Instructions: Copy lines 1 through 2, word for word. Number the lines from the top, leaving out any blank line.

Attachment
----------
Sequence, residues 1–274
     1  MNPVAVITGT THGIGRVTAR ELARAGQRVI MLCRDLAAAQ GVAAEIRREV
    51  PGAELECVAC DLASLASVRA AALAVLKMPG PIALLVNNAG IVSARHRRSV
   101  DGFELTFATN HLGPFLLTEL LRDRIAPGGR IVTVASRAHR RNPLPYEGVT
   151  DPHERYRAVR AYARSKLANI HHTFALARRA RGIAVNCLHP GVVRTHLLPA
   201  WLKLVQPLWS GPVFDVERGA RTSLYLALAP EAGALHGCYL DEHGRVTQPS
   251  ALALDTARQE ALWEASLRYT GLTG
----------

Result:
Sequence, residues 1–274
     1  MNPVAVITGT THGIGRVTAR ELARAGQRVI MLCRDLAAAQ GVAAEIRREV